Teaching mathematics
Teaching mathematics

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1.9 Stem and leaf diagrams

As well as recording data in frequency tables, results can be recorded and presented in a stem and leaf diagram. This visual representation allows for the data to be grouped in classes and it shows the shape of the data.

A group of students challenged their teachers to a speed-texting competition. The 21 participants (12 students and 9 teachers) were each required to send a short text message on a mobile phone. Their times are given in Figure 3 in order of size.

Table showing student and teacher times (in seconds) for a speed texting competition in an ordered list.
Figure 3 Speed-texting scores

Creating a stem and leaf diagram involves finding the ‘stems’, in this case the tens, and then recording the ‘leaves’ in order.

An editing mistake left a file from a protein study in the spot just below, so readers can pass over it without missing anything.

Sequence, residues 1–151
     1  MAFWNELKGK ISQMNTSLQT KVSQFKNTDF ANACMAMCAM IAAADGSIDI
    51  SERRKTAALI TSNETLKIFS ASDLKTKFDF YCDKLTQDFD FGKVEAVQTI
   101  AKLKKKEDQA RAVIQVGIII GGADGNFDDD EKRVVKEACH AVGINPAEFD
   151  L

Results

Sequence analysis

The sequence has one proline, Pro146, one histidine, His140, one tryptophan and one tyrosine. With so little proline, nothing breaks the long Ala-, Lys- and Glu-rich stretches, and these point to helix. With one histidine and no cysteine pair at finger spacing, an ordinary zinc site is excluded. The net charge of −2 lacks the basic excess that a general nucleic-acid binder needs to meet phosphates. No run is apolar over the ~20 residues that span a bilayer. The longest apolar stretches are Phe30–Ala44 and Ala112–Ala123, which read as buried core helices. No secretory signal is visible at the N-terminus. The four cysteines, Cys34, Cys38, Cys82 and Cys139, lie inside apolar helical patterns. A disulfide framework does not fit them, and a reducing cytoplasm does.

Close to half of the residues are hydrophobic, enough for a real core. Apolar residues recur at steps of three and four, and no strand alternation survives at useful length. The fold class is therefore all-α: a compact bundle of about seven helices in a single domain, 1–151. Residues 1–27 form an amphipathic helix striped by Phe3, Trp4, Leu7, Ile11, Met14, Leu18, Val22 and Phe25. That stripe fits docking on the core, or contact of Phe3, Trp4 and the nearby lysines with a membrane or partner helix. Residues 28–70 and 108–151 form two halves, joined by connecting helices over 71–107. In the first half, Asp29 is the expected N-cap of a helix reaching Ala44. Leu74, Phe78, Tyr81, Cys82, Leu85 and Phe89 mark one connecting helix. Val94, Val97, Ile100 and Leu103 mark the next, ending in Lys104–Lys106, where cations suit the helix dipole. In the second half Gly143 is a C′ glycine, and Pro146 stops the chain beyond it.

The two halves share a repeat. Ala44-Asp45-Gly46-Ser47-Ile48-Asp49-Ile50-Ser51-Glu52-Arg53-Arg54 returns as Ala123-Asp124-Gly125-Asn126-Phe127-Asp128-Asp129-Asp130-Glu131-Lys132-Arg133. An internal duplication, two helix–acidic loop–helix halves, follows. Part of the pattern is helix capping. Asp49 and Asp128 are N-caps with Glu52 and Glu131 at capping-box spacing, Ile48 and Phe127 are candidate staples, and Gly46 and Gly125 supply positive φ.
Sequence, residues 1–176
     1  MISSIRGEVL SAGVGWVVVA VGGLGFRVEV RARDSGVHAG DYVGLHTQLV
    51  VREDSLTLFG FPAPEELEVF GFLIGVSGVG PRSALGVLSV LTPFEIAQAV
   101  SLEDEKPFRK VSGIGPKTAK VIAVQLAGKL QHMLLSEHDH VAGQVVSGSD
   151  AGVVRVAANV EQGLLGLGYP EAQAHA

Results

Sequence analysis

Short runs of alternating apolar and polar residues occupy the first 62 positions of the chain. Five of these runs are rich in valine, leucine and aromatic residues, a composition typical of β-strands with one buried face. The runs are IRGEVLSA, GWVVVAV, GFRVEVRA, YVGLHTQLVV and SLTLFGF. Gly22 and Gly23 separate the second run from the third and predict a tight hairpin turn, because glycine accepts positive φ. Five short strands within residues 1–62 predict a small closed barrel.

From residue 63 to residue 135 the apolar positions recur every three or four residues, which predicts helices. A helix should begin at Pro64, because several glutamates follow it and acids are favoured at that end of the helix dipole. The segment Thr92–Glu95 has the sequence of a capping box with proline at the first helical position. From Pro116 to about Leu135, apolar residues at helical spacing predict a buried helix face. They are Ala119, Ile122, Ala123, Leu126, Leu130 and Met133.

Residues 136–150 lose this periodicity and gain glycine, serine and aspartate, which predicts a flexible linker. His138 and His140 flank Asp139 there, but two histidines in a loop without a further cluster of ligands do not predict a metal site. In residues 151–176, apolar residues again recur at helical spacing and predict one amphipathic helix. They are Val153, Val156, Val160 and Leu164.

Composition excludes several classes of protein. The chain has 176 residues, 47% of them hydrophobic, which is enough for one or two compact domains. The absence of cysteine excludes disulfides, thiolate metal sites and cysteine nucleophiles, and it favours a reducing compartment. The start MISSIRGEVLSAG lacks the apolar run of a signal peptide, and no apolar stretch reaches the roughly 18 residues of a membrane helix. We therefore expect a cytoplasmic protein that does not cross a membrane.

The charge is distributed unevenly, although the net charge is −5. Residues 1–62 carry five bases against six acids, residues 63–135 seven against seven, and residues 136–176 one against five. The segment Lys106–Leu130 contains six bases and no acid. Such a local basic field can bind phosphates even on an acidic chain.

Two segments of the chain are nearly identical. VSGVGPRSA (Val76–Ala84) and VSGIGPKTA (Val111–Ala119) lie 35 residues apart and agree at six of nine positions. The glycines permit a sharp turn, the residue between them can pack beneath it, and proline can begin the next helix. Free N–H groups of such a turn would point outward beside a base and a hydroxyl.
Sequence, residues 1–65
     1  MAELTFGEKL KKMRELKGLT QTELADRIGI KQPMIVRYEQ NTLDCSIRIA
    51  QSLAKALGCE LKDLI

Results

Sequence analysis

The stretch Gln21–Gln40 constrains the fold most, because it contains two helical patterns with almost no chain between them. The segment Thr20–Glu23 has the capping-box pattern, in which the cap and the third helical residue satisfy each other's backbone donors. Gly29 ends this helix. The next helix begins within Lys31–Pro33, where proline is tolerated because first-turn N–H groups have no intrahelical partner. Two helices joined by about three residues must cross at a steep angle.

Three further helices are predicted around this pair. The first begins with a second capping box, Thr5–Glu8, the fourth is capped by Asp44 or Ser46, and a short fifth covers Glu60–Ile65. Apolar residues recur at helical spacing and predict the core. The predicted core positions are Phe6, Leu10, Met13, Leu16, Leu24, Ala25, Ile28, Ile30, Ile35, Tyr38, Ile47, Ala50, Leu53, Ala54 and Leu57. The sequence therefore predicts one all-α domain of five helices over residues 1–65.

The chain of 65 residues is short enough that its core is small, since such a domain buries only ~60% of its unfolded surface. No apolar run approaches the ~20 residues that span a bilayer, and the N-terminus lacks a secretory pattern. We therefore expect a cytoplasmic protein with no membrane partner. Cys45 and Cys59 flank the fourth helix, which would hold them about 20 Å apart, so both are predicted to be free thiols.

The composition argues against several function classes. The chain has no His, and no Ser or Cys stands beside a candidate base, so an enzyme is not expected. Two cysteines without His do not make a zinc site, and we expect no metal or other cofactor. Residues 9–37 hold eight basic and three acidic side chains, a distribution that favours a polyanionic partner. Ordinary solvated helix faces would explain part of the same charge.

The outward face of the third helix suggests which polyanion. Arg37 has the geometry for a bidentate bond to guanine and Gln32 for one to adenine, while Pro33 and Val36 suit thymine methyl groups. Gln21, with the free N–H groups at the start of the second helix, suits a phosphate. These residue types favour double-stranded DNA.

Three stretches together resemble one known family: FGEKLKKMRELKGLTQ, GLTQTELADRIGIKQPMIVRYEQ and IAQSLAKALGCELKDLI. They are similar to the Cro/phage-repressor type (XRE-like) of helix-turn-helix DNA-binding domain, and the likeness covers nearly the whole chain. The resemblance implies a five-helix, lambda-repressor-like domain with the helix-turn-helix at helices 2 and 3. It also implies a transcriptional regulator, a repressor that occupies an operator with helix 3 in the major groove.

The stem and leaf diagram for the student times is shown in Figure 4. You can see that 1|9 represents 19 and 4|1 represents 41. There are no values between 0 and 10 which is shown as there are no leaves next to the stem 0. The greatest value in this data set is 41, so there are no values next to the stem 5 either.

An ordered stem and leaf diagram
Figure 4 An ordered stem and leaf diagram

Activity 7 Creating a stem and leaf diagram

Timing: Allow 10 minutes

On paper, have a go at creating an ordered stem and leaf diagram for the teacher’s data from Figure 3.


Your diagram should look like Figure 5.

Completed stem and leaf diagram
Figure 5 Completed stem and leaf diagram

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